House Speaker John Boehner managed to unite his fractious majority around a strategy that, for now, sets aside cycle-of-crisis politics to concentrate on long-range objectives.


WASHINGTON - Sending President Obama a bill Thursday that averts a government shutdown, Congress proved that it can, in fact, function. Not long ago, this was considered an unlikely outcome.

Republicans in the House, trying to force Obama to accept deep cuts, had come close to shutting down the government before and appeared primed to do so again.

But House Speaker John Boehner, R-Ohio, has united his rambunctious majority ever so tenuously around a strategy that, for now, sets aside cycle-of-crisis politics to aim for long-range objectives.

Not only did lawmakers hold their fire to approve the budget legislation 318-109, they did so ahead of schedule - without the midnight-hour brinkmanship that has come to characterize Congress and its dealings with the White House.

That let politicians slip past a critical deadline without damaging their reputations or the economy. The bill, which needs to become law by Wednesday, keeps the government open through the end of the fiscal year Sept. 30. The parties agreed to continue the deep "sequester" cuts but found common cause and created bipartisan coalitions to lessen the impact on their favored programs.

When House Republicans shifted money to ensure embassies are secured and the Border Patrol stays at full force, the Democrats who control the Senate obliged.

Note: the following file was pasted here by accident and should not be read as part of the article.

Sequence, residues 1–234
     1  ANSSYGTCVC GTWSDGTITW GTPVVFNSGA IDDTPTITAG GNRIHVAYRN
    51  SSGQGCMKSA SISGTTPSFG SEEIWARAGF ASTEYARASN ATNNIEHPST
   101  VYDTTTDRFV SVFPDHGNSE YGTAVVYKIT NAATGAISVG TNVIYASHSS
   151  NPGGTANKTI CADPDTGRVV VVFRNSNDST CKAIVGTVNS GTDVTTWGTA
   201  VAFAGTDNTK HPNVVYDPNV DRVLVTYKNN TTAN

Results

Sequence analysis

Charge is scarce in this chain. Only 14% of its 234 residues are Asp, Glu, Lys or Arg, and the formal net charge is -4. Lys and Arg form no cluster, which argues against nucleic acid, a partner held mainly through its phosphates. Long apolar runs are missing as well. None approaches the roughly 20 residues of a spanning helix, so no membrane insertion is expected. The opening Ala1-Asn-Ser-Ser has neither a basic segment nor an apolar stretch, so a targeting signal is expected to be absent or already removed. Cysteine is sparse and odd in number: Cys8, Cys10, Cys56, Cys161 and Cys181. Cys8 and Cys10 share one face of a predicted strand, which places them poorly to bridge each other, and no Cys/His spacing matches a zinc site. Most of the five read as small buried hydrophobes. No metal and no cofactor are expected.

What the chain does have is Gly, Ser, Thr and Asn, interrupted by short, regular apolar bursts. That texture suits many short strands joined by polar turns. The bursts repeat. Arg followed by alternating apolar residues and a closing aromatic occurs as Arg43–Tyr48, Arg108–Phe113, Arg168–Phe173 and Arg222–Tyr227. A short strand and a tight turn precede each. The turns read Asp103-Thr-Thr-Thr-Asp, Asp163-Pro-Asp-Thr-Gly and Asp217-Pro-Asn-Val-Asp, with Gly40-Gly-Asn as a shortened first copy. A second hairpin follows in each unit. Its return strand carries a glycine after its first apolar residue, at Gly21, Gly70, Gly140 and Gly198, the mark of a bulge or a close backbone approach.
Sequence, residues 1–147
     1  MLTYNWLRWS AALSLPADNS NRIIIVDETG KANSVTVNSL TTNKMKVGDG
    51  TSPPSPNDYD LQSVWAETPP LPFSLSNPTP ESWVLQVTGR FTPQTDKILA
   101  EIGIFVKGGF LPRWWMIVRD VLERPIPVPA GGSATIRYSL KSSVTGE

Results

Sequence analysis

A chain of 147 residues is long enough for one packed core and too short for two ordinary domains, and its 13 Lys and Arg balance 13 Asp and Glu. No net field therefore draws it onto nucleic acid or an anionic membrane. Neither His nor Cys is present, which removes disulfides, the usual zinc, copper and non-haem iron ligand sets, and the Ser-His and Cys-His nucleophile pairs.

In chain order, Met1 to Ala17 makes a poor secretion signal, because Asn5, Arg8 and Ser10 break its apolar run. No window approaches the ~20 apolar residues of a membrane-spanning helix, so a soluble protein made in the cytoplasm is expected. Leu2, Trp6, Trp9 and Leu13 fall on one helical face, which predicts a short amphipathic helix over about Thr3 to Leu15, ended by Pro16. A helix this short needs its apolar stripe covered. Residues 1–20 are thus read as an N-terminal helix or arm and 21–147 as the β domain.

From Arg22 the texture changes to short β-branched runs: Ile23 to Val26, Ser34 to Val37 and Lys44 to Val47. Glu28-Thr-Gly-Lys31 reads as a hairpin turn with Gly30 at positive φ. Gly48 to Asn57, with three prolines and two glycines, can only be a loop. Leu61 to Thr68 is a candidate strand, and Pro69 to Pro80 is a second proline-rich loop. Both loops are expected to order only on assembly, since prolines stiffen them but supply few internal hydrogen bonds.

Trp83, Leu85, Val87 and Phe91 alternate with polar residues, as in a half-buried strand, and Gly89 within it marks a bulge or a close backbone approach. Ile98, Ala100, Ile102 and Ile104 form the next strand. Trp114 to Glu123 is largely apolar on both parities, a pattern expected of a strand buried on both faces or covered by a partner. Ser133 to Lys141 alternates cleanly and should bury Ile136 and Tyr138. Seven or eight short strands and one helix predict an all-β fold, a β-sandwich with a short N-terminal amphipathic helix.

Senators, meanwhile, reached across the aisle to craft amendments to keep meat inspectors on the job, fund a tuition-assistance program for service members and spare a few thousand children from child-care cuts. The Republican-led House did not flinch, though Boehner did need Democratic votes to get it over the finish line.

This display of pragmatic governing, however, may be fleeting. The deal Boehner made with his party's conservative majority also sets up the next clash.

Even as the House voted Thursday to fund the government for the next six months, Republicans also pushed through an austere budget plan that would balance revenues and spending in 10 years. But the Senate soundly defeated that bill 50-49 later Thursday night.

In the Senate, Democrats are expected to approve their own 10-year budget plan today that goes in the opposite direction. Democrats want wealthier Americans and corporations to pay more to lower the deficit while investing some new revenue in transportation, education and public employees to create jobs.

"Even though we got two political parties with competing ideologies, the American people expect us to find common ground," Boehner said Thursday.

In the Senate, Democrats have shown little interest in negotiating as Republicans have used almost every procedural weapon to push an agenda in stark contrast to one advocated by Obama.

Hostage taking, as the White House calls the GOP approach, has its limits, and polls show voters agree.

Earlier this year, at a tony retreat in Williamsburg, Va., Boehner tapped Rep. Paul Ryan, R-Wis., along with the House's top conservatives, to engineer a strategy that could provide a more measured approach to the GOP goals.

The outcome has become known as the Williamsburg accord. The House GOP would fast-forward past day-to-day battles - such as keeping the government running - to a more lofty one: approval of a balanced budget.

S. Arizona votes

How Southern Arizona's U.S. House members voted on legislation to fund the government through Sept. 30. The bill goes to President Obama:

• Ron Barber, D - yes

• Raúl Grijalva, D - no

• Ann Kirkpatrick, D - yes